P&R president rules out large tax rises next year
NO NEW taxes or substantial tax rises are being planned for next year as the island aims to build back out of recession.
The States accounts for 2019 have recently being published, showing the island was firmly in the black with a strong economic performance and a sizeable surplus of £105.6m.
However, that snapshot from the pre-Covid era has now been decimated by the pandemic.
The economy is predicted to shrink by the largest amount in years, unemployment trebled over the course of the lockdown to 1,631 people, and the tourist sector in particular has been shattered.
In January this year the States agreed to a review of the local tax base to meet the financial challenges of an ageing population and consider new taxes such as a sales tax, health tax and a company profits tax.
However, while the demographic demands have not gone away, that review will not impact next year’s Budget.
Despite the recent collapse in revenues, Guernsey’s most senior politician is very upbeat about an economic recovery and
determined not to talk the island down.
Deputy Gavin St Pier, the president of Policy & Resources, bristled at words like ‘crash’ and ‘permanent scar’, and was determined to look on the bright side.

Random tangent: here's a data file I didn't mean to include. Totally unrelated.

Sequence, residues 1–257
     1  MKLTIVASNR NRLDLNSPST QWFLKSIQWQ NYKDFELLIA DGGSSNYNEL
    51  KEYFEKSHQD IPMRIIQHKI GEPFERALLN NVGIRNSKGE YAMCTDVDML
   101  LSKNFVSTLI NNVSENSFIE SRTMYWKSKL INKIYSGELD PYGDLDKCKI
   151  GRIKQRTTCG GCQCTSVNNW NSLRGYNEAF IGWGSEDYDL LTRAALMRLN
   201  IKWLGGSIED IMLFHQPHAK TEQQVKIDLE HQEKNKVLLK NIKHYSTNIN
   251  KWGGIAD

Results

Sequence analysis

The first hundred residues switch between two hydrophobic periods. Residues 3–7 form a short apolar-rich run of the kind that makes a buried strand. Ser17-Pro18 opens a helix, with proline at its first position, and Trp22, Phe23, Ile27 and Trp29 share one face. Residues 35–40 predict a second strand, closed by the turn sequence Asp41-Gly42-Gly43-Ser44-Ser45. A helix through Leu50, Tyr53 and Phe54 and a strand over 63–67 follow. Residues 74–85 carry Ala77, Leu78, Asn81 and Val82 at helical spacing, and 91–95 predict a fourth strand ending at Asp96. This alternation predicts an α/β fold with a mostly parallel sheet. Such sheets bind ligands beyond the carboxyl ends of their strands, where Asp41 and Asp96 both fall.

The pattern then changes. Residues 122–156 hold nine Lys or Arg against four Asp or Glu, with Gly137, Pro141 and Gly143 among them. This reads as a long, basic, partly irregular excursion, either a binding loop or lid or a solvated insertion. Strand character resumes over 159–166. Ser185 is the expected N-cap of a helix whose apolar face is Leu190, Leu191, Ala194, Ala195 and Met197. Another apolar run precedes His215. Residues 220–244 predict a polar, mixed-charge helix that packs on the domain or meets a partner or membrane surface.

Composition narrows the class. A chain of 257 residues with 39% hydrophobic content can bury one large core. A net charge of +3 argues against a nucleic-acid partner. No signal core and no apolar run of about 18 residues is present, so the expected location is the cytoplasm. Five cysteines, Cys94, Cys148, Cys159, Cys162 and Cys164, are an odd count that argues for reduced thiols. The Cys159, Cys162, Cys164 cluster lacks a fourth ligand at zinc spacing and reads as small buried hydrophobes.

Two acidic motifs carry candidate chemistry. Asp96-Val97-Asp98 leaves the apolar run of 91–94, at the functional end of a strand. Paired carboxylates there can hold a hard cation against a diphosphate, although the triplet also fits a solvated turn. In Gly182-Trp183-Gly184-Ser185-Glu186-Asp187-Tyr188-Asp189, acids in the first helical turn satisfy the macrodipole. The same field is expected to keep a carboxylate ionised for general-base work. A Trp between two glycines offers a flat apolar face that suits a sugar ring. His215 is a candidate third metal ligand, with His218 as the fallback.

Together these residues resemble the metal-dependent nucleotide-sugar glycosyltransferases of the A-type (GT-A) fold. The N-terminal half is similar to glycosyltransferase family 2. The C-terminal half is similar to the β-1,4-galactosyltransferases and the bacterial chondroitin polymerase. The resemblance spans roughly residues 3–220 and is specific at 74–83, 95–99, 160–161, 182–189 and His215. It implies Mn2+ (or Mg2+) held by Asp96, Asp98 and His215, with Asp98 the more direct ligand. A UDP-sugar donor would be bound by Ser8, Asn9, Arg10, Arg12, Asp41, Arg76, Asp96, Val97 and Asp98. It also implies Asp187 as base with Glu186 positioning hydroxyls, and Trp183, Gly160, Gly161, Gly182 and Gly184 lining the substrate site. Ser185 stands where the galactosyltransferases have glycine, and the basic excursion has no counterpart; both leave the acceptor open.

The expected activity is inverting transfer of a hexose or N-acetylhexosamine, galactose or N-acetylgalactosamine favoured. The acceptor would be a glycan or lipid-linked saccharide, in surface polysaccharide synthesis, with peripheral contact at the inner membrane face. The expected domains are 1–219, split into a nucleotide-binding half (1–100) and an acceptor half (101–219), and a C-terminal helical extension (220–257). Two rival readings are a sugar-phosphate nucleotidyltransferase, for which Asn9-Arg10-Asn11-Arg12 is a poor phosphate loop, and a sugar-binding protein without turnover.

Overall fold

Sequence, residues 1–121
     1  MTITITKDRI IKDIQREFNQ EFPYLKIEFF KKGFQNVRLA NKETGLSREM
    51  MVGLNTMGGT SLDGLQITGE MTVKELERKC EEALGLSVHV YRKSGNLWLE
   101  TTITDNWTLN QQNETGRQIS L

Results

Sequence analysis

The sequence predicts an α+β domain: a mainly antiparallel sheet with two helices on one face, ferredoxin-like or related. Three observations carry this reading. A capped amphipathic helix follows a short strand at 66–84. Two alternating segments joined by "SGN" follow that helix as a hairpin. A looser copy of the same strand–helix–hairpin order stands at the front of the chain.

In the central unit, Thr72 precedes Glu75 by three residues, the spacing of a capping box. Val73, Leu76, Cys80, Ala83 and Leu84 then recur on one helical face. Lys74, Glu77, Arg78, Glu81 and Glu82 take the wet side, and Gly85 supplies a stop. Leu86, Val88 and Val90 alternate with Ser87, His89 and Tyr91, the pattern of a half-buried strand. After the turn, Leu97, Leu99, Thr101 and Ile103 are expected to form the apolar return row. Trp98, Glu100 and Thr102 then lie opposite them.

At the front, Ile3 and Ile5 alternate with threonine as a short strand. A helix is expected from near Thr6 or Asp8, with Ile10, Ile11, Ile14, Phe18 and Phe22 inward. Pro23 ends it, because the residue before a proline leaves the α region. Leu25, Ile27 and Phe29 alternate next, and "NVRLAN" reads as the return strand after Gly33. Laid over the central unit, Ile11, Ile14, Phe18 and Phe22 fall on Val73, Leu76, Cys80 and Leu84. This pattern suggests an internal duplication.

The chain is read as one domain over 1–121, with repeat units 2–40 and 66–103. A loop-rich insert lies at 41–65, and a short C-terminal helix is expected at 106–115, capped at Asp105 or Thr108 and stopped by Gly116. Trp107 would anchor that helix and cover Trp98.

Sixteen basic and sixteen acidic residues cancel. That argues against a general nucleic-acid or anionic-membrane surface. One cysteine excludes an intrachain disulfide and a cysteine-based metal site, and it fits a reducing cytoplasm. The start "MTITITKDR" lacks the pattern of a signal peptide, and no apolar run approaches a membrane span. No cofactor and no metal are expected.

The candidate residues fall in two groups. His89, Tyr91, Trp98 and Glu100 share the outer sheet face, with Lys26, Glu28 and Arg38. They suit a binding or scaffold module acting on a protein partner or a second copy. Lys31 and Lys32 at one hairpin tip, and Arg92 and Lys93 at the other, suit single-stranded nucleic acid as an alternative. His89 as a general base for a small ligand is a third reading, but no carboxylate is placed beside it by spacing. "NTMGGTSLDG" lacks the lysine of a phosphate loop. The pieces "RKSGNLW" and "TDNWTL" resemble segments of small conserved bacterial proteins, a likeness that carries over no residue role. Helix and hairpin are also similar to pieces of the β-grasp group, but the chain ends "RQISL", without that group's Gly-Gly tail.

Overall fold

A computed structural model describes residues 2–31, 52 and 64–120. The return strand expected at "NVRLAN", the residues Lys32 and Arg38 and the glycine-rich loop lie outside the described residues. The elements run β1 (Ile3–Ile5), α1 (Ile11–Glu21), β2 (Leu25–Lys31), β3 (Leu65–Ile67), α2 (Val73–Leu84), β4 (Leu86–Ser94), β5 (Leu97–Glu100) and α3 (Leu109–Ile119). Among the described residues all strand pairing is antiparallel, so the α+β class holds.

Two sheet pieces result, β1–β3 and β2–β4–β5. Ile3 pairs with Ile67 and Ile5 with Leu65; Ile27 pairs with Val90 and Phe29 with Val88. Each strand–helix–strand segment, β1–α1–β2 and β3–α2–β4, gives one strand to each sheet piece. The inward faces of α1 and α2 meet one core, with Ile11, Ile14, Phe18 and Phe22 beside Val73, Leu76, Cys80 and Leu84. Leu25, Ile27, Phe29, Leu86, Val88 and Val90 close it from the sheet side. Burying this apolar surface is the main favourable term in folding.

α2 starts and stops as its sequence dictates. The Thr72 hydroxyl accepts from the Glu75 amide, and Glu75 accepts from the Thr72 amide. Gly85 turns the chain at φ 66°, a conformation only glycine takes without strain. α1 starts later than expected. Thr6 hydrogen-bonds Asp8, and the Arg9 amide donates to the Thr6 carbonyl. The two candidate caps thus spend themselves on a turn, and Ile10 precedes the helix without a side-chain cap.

He also ruled out big tax hikes.
‘We have a very strong position compared to many other economies, to have a surplus in 2019, to have good reserves, to have a good credit rating – all of that bodes well and will help us in the recovery phase.’
‘The 2021 Budget planning hasn’t had a great deal of political attention at this stage because it’s being done at officer level, but over July, August and September is when the political input will come from Policy & Resources.
‘But we won’t be planning substantial tax rises because that would not be the correct response to this crisis.’
The ‘Revive and Thrive’ recovery strategy plots a new trajectory for the island’s economy and the line on the suggested graph looks like a swoosh, overcoming previous expectations of growth within three years.
The project to reform public services and make them more efficient and less expensive became ‘turbo-charged’ during the pandemic and the aim now is not to revert back to the old culture.
Guernsey has won high praise for its robust and innovative response to the Covid-19 pandemic, the international spotlight has enhanced the island’s reputation as a good place to do business.
No one is more convinced that the Bailiwick can now achieve a relatively speedy turnaround than Deputy St Pier.
‘Personally I remain very optimistic that we will have a recovery and it will be a strong recovery, we had a strong position going into this, and the fact that we were able to get a good control of the pandemic which allowed the
economy to restart faster than most other economies is really positive.
‘It is an optimistic statement but I believe it to be true, not least because we’ve seen what we are capable of as a community when we pull together, so we only have to apply that same discipline and focus on the recovery and we will only be limited by our ambitions and not anything else.’